New Breakthrough Discloses Role of Oxygen Impurities in Semiconductor Properties

A surprising new source of conductivity from trapped oxygen atoms has been noted by a research group probing the properties of a semiconductor integrated with a novel thin oxide film.

New Breakthrough Discloses Role of Oxygen Impurities in Semiconductor Properties.
Pacific Northwest National Laboratory scientists have uncovered new properties in a semiconductor material using a powerful, unconventional technique. Image Credit: Quardia |

Scott Chambers, a materials scientist at the Department of Energy’s Pacific Northwest National Laboratory, announced the breakthrough discovery of the group at the Spring 2022 meeting of the American Physical Society. The study's findings have been published in the Physical Review Materials journal.

The findings will have wide impacts in comprehending the role of thin oxide films in future semiconductor design and manufacture. Semiconductors utilized in modern electronics are available in two basic flavors — n-type and p-type — based on the electronic impurity added at the time of the crystal growth.

Modern electronic devices tend to use both n- and p-type silicon-based materials. However, there is continuous interest in developing other kinds of semiconductors. Chambers and his group were testing germanium together with a specialized thin crystalline film of lanthanum-strontium-zirconium-titanium-oxide (LSZTO).

We are reporting on a powerful tool for probing semiconductor structure and function. Hard X-ray photoelectron spectroscopy revealed in this case that atoms of oxygen, an impurity in the germanium, dominate the properties of the material system when germanium is joined to a particular oxide material. This was a big surprise.

Scott Chambers, Materials Scientist, Department of Energy, Pacific Northwest National Laboratory

The researchers discovered they could learn a great deal regarding the electronic properties of the germanium/LSZTO system compared to what was possible using the typical methods. This was done with the help of the Diamond Light Source on the Harwell Science and Innovation Campus in Oxfordshire, England.

When we tried to probe the material with conventional techniques, the much higher conductivity of germanium essentially caused a short circuit. As a result, we could learn something about the electronic properties of the Ge, which we already know a lot about, but nothing about the properties of the LSZTO film or the interface between the LSZTO film and the germanium—which we suspected might be very interesting and possibly useful for technology.

Scott Chambers, Materials Scientist, Department of Energy, Pacific Northwest National Laboratory

A New Role for Hard X-Rays

“Hard” X-Rays generated by the Diamond Light Source could enter the material and produce data regarding what was going on at the atomic level.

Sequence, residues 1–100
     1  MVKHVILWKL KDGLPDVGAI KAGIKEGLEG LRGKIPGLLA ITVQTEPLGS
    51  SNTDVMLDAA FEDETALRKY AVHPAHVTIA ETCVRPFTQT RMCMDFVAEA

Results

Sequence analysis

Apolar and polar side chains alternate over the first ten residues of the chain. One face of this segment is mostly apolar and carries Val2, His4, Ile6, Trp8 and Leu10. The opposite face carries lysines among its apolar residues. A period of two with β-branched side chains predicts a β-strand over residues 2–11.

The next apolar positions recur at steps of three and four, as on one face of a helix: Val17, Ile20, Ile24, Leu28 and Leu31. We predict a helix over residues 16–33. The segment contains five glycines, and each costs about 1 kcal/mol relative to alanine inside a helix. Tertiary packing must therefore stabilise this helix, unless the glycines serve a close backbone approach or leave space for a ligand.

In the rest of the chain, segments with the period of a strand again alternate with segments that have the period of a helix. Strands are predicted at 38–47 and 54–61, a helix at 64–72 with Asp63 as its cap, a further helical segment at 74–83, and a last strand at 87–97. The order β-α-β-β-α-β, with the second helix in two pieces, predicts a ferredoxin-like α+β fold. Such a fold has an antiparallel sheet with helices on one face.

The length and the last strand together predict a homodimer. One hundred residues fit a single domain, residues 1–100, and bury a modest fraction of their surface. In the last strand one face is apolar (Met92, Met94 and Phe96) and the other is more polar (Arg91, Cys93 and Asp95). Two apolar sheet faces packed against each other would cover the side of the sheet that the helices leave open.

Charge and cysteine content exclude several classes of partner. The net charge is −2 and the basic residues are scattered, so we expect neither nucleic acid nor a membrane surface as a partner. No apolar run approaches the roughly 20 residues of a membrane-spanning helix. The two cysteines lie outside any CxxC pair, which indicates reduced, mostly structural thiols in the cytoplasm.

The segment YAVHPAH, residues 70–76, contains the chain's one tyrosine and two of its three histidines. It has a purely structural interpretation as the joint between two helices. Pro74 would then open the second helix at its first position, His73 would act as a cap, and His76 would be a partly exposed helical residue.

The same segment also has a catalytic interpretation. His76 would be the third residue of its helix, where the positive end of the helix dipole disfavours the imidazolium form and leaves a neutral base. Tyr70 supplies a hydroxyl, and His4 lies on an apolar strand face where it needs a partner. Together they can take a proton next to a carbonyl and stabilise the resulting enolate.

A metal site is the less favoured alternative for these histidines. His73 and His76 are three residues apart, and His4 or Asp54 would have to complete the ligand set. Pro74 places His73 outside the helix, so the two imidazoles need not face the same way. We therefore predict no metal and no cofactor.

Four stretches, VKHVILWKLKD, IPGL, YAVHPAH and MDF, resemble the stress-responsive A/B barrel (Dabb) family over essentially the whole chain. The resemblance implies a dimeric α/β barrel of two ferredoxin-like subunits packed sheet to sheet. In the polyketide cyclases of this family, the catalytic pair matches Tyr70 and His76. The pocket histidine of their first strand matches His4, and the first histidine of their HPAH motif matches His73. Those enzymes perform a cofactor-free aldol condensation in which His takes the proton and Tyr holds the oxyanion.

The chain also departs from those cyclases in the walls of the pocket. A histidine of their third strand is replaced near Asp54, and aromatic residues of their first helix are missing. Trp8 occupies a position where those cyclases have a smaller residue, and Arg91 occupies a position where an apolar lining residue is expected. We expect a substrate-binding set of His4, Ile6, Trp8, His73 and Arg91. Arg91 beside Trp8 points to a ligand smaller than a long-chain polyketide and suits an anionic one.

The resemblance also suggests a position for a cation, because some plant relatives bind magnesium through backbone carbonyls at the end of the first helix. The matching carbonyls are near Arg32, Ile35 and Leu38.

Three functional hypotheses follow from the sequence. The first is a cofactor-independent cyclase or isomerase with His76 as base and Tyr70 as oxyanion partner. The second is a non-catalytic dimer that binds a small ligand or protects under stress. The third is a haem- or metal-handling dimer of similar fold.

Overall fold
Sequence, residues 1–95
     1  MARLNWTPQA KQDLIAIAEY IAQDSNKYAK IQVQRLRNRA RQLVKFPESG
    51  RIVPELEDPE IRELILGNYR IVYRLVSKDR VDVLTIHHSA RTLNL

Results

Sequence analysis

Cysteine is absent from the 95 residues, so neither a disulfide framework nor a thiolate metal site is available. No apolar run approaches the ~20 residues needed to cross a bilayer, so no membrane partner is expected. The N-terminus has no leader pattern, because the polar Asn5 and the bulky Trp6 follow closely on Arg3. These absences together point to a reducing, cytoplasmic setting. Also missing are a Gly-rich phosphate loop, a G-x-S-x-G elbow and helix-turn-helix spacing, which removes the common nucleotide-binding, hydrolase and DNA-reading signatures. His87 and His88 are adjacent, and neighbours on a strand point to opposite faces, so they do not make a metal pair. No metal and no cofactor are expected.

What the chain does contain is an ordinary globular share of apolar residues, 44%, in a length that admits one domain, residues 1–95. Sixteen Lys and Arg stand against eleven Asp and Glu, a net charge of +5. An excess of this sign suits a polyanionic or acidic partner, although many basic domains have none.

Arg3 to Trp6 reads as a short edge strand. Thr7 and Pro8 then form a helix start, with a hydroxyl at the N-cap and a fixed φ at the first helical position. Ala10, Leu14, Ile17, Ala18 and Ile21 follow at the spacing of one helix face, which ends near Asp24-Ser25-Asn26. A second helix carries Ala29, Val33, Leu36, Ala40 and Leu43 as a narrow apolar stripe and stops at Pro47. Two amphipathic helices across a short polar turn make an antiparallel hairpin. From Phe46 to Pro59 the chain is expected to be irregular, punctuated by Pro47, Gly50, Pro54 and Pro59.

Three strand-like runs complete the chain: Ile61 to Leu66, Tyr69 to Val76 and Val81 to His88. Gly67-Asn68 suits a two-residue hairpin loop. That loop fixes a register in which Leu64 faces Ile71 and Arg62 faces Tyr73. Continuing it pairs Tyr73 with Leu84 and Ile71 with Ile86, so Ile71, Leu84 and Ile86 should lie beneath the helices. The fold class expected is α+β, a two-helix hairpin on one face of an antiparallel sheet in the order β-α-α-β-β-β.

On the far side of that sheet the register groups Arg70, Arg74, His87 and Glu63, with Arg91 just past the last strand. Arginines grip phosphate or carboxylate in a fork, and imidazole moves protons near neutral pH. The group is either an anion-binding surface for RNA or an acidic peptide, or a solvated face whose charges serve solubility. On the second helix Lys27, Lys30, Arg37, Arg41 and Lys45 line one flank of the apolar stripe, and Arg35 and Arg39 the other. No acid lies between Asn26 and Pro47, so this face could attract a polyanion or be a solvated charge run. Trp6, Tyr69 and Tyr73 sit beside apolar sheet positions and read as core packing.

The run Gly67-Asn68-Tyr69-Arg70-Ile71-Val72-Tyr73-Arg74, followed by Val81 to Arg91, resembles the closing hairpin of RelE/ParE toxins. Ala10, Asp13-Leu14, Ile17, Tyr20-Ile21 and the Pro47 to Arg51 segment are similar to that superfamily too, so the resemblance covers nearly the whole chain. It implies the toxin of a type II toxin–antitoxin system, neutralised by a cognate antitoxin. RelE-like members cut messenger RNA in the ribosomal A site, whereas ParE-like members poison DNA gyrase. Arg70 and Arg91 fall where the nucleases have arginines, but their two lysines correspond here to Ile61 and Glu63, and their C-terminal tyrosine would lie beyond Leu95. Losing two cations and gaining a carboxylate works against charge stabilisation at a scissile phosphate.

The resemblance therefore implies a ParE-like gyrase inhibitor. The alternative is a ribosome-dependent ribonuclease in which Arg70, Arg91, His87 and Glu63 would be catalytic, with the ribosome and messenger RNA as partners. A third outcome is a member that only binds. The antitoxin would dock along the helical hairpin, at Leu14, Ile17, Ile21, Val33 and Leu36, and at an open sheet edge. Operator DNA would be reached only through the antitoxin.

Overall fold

Our results were best interpreted in terms of oxygen impurities in the germanium being responsible for a very interesting effect. The oxygen atoms near the interface donate electrons to the LSZTO film, creating holes, or the absence of electrons, in the germanium within a few atomic layers of the interface.

Scott Chambers, Materials Scientist, Department of Energy, Pacific Northwest National Laboratory

Chambers added, “These specialized holes resulted in behavior that totally eclipsed the semiconducting properties of both n- and p-type germanium in the different samples we prepared. This, too, was a big surprise.”

The interface, where the thin-film oxide and the base semiconductor come into contact, is where interesting semiconducting properties tend to frequently emerge.

According to Chambers, the challenge is to learn how to control the interesting and potentially useful electric fields that develop at these interfaces by altering the electric field at the surface. Experiments in progress at PNNL are probing this possibility.

While the samples utilized in this study are not likely to have immediate commercial potential, the methods and scientific breakthroughs made are anticipated to pay dividends in the longer term, stated Chambers.

The new scientific knowledge gained will aid materials scientists and physicists to better comprehend how to design new semiconductor material systems with beneficial properties.

The PNNL scientists who contributed to the study include Bethany Matthews, Steven Spurgeon, Mark Bowden, Zihua Zhu, and Peter Sushko. The study was financially supported by the Department of Energy Office of Science. Experiments and sample preparation were carried out at the Environmental Molecular Sciences Laboratory, a Department of Energy Office of Science user facility located at PNNL.

Electron microscopy analysis was done in the PNNL Radiochemical Processing Laboratory. Collaborators Tien-Lin Lee and Judith Gabel performed experiments at the Diamond Light Source. Additional collaborators included the University of Texas at Arlington's Matt Chrysler and Joe Ngai who made the samples.

Journal Reference:

Chambers, S. A., et al. (2022) Mapping hidden space-charge distributions across crystalline metal oxide/group IV semiconductor interfaces. Physical Review Materials.


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